Thursday, September 27, 2012

Voting patterns: “I” value competence but “we” value social competence

(Chen et al. ask whether judgments of candidates' social competence—defined as the capacity for effective functioning in social interactions—are related to outcomes in an individualistic society (the United States) and a collectivist society (Taiwan). They replicate the earlier result that a judgment of competence does predict winners in the United States, as it does in Taiwan, and they find that judgments of social competence are also predictive, though only for elections in Taiwan. Their abstract:
This investigation distinguishes interpersonally oriented social competence from intrapersonally oriented competence. It examines the influence of voters' individualism and collectivism orientation in affecting the roles of these two dimensions in predicting electoral outcomes. Participants made judgments of personality traits based on inferences from faces of political candidates in the U.S. and Taiwan. Two social outcomes were examined: actual election results and voting support of the participants. With respect to actual electoral success, perceived competence is more important for the candidates in the U.S. than for those in Taiwan, whereas perceived social competence is more important for the candidates in Taiwan than for those in the U.S. With respect to subjective voting support, within cultural findings mirror those found cross-culturally. Competence is valued more among voters who are more individualistic, and social competence is valued more among voters who are more collectivistic. These results highlight important omissions in the social perception/judgment literature.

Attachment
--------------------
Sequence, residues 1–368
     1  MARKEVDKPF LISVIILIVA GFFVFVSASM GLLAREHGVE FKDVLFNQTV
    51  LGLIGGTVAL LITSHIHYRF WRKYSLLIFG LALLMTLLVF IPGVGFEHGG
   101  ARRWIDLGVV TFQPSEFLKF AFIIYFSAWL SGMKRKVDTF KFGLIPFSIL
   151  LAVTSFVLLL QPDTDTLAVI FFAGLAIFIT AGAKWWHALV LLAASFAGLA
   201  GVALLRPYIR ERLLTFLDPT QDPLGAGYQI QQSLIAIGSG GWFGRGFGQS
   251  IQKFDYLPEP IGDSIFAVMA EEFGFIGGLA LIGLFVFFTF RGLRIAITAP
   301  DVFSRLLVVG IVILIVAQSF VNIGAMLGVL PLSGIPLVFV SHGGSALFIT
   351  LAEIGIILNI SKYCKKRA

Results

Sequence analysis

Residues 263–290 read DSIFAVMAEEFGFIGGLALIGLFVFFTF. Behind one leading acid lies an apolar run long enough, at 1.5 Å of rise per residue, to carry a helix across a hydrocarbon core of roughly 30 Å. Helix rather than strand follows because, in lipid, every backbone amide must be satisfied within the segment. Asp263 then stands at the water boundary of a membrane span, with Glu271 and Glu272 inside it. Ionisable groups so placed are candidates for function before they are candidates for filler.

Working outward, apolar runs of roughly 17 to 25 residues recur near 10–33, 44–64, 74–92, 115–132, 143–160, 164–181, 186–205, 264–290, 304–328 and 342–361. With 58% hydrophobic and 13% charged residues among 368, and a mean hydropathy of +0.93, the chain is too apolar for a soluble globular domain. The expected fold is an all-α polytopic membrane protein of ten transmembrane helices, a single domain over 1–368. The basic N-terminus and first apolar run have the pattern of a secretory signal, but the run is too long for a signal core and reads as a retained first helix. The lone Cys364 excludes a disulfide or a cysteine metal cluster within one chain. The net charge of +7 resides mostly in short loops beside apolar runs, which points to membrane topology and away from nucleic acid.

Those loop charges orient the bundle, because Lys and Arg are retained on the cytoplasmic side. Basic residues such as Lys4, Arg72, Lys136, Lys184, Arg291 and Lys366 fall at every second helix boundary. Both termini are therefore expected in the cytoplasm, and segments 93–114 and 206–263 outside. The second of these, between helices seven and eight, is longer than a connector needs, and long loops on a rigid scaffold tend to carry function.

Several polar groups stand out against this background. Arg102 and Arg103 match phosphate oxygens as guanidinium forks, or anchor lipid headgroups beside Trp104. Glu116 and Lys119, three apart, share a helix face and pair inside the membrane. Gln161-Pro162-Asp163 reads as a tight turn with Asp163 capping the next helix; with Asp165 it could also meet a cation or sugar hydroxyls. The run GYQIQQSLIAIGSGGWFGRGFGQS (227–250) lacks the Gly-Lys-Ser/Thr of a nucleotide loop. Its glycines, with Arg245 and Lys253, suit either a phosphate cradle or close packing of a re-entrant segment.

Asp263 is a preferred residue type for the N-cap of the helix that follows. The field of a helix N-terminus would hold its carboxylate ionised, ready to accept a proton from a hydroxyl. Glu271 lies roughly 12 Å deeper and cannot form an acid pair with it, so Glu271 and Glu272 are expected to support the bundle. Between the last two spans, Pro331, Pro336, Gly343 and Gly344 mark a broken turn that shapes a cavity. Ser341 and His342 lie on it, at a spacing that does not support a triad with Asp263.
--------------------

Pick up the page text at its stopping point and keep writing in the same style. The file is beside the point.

(excuse a techie note irrelevant to this post: I confirm the subscription of this blog to the Paperblog service under the username mdbownds)

No comments:

Post a Comment